Additionally (from what I remember of IBM) your system BIOS looks for the IBM signature on the drive, which allows it to boot.  This is just for reference, as I am not sure that this could be a problem in your case.....  Perhaps the signature is corrupted somehow..??  

FE
0
 

Author Comment

by:overj
ID: 11895351
Sorry, no cigar.  The problem was a bad system board - capacitors were all swollen up, had rounded tops.

But there were some good tries - can I allocate some points for them?

Julian
0
 
LVL 40

Expert Comment

by:Fatal_Exception
ID: 11895590
Absolutely..   determine the grade and split or award the pts as you see fit..  :)

FE
0
 
LVL 40

Expert Comment

by:Fatal_Exception
ID: 12325588
Looks like we need to split this one up..

FE
0

Featured Post

How to improve team productivity

Quip adds documents, spreadsheets, and tasklists to your Slack experience
- Elevate ideas to Quip docs
- Share Quip docs in Slack
- Get notified of changes to your docs
- Available on iOS/Android/Desktop/Web
- Online/Offline

Join & Write a Comment

NTFS file system has been developed by Microsoft that is widely used by Windows NT operating system and its advanced versions. It is the mostly used over FAT file system as it provides superior features like reliability, security, storage, efficienc…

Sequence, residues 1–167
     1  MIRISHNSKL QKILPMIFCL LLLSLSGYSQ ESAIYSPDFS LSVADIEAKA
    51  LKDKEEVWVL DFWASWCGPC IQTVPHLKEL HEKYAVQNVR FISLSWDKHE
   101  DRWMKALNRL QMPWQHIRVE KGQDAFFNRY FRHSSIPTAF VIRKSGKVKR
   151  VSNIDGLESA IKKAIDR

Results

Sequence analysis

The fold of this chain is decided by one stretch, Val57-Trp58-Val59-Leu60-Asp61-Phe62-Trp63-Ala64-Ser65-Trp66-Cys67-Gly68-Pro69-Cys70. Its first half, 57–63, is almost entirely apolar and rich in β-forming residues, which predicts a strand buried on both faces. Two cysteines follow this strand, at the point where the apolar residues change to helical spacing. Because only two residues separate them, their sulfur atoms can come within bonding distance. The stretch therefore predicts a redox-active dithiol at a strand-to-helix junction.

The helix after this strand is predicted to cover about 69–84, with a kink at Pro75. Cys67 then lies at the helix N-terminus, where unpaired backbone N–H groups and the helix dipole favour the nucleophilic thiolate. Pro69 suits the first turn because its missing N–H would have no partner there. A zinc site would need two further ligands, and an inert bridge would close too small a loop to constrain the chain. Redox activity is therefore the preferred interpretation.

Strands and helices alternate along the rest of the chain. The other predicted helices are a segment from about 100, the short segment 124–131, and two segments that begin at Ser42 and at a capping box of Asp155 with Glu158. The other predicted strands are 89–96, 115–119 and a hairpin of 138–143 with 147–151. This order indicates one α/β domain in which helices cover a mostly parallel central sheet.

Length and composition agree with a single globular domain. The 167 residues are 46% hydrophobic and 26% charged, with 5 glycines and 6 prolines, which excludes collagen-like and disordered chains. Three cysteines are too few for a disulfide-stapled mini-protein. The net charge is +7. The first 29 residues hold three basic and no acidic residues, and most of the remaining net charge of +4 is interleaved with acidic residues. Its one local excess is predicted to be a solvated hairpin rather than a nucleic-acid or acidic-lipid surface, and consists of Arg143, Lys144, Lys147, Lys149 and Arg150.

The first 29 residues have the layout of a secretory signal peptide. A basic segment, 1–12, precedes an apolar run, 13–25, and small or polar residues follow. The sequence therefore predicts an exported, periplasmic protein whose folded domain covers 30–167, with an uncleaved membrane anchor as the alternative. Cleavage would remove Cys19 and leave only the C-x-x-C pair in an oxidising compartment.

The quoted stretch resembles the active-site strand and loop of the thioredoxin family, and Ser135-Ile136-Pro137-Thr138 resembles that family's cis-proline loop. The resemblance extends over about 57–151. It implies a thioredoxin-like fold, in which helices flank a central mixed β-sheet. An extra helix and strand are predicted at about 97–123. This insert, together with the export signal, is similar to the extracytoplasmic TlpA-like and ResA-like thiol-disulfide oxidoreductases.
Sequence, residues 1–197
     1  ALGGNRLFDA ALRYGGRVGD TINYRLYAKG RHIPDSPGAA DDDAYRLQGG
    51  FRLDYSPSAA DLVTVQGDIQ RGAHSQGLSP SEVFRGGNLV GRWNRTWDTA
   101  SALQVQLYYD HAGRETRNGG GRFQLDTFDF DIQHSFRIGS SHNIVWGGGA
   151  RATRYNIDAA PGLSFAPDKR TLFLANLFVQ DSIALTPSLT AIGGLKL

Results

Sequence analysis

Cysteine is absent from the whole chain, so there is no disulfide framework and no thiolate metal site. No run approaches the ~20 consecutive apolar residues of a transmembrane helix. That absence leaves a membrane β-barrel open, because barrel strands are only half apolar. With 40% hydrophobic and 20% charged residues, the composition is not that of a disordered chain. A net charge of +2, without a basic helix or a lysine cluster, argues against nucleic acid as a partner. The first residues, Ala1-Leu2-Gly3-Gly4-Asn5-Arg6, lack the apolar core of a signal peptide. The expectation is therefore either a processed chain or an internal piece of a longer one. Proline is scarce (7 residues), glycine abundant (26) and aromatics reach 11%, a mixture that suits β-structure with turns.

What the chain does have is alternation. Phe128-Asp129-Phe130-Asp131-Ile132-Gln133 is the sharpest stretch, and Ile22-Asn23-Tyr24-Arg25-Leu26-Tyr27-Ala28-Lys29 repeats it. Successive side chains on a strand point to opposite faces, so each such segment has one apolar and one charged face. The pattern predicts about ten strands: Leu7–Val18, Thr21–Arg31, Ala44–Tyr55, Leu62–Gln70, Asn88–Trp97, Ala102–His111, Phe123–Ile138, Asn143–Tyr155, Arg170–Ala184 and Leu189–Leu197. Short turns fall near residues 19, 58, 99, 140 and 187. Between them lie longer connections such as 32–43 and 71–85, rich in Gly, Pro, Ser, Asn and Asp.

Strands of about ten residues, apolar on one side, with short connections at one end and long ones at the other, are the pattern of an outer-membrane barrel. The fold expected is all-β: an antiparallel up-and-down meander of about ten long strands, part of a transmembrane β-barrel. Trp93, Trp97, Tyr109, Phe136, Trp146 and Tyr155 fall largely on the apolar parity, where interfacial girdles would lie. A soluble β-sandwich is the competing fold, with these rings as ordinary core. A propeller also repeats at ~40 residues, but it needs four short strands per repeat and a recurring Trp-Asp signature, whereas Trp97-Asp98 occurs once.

In this article, you will read about the trends across the human resources departments for the upcoming year. Some of them include improving employee experience, adopting new technologies, using HR software to its full extent, and integrating artifi…
This video shows how to remove a single email address from the Outlook 2010 Auto Suggestion memory. NOTE: For Outlook 2016 and 2013 perform the exact same steps. Open a new email: Click the New email button in Outlook. Start typing the address: …
When you create an app prototype with Adobe XD, you can insert system screens -- sharing or Control Center, for example -- with just a few clicks. This video shows you how. You can take the full course on Experts Exchange at http://bit.ly/XDcourse.

708 members asked questions and received personalized solutions in the past 7 days.

Join the community of 500,000 technology professionals and ask your questions.

Join & Ask a Question

Need Help in Real-Time?

Connect with top rated Experts

12 Experts available now in Live!

Get 1:1 Help Now